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Jen Karetnick



A Neighbor on Nextdoor Asked

Under the Influence of

Harvest Is a False Flag

Evaporating Villanelle for Procrastination: An Aren't Poetica


In third grade we were taught a curriculum concerning care.
About the body. About the homes we lived in. About how
sometimes, they were one and the same, both attracting heat,
explained by sputtering projectors in the classroom, narrators
with grave voices instructing us how to “stop, drop, and roll,”
or visitors who battled lightning’s natural zeal and other quick-
striking dangers. They gave out graphic window stickers, silver

as skeletons, for rescuers to know who was trapped by flames,
and where. But my mom forbade the attachment. An aesthete
of glass and stone, cognoscente of book and text, she kept us clear
from glue marks and slogans. But she couldn’t repress the flames
that after bed, began to ash my pajamas, shoot up my dreams.
Soon they exploded my days, too, forced me to query about
escape routes everywhere, my head abuzz about what to take or

leave behind. At night, a decade-old insomniac, I envisioned
the hidden beginnings of ignition: Shabbat candles still alive
in the sink, left alone to glow down to coals. I’d feel the plank
of my exit—hot to the touch meant a blaze—and think about how
I’d wake my family, ducking the gate of smoke. Like childhood,
vigilance became a job I couldn’t quite shake. The only time
I could sleep was when the sky extinguished any possible sizzling

wood siding with rain. Or during an inquisition of snow, figuring
nothing could burn through a blizzard. This phobia: Such trivial
kindling it took to start. So much gas for it to grow. Finding my bags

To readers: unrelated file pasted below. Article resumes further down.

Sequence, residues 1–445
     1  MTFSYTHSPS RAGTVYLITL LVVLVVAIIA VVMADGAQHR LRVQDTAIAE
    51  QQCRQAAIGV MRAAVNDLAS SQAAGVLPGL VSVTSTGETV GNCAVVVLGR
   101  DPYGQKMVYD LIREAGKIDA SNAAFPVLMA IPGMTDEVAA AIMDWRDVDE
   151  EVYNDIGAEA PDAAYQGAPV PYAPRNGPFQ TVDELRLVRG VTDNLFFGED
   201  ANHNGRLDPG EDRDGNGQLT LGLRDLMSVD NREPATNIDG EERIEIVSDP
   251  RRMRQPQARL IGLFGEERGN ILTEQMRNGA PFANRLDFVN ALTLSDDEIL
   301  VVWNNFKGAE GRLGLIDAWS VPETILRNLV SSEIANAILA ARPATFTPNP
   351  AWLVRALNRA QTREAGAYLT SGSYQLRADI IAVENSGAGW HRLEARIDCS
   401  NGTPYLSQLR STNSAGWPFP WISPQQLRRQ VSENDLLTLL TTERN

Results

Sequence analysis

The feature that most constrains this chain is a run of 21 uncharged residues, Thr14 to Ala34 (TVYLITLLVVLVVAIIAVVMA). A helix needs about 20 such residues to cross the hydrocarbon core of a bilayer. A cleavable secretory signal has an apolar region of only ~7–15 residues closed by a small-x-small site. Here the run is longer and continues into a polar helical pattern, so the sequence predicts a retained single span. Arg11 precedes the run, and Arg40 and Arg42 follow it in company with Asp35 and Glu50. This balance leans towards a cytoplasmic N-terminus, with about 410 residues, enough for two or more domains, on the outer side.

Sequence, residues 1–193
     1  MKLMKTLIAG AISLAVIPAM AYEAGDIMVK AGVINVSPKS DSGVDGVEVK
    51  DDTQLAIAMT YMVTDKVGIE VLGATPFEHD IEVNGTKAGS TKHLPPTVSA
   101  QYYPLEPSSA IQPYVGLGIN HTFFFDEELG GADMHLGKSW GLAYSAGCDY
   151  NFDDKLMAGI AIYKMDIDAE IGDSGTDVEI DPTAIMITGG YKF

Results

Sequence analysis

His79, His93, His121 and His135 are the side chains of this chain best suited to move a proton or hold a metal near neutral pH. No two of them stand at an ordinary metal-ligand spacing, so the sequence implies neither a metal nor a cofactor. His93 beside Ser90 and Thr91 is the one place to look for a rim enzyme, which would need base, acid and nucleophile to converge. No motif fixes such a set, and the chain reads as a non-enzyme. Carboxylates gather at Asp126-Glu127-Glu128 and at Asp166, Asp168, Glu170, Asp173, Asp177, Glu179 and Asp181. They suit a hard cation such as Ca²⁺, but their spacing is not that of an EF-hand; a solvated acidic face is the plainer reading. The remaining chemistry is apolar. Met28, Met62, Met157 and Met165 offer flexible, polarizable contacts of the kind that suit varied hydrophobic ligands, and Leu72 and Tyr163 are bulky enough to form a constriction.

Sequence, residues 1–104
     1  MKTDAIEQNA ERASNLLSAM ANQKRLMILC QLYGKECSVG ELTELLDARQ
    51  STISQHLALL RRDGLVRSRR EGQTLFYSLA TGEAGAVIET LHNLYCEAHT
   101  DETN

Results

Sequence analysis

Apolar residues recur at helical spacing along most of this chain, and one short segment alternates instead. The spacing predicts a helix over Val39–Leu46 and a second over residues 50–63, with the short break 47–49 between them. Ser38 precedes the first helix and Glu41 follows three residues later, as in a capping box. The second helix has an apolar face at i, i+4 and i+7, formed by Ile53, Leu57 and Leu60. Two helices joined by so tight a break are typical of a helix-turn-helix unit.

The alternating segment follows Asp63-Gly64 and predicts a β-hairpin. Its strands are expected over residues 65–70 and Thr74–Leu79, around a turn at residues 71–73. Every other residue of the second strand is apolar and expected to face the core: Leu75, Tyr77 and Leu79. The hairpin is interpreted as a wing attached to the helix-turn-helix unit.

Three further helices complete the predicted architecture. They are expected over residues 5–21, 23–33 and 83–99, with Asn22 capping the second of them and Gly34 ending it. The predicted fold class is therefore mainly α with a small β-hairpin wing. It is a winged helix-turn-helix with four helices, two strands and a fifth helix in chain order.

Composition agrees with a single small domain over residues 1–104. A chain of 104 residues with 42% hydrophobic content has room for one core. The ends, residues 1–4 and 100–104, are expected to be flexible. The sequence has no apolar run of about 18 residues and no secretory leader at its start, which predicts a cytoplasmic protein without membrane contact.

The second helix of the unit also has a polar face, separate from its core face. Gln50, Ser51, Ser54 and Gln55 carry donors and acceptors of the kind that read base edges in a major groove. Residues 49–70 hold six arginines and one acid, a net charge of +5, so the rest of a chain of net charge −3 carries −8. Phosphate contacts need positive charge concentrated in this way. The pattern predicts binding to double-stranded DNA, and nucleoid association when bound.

full again and again as if for visits to grandmas, my mom finally
put most of it out, pouring dirt on any sparks. But I still laid
an imaginary X on our lawn so that I could aim from the quads
for a last-ditch jump, mapping out how to go down on my own.

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After purgatory, after we collected moments
of solitude like marbles and sealed every isolated
walk in amber to carve and wear like jeweled faces
around our necks, we blitzed our exquisite 

anguish by waltzing with all kinds of vodka, king
salmon, and caviar, adjourning to clubs to catch
a quick buzz off of any willing, axial body without
thought for contaminants, a particularly gross sum

to calculate anew each morning. Still we felt no greater
zest for life. More sex, more booze, more briny oysters,
juicy lobster, foie gras: Why even expect sanitation, let
alone satiation after such a long quiescence? To make it

less than luxury? Which meant taint and lust and sinful self-
indulgence until recently, when it defines as plenty and excess.
There, then, was the jib’s cut—indulgence, quite a crackling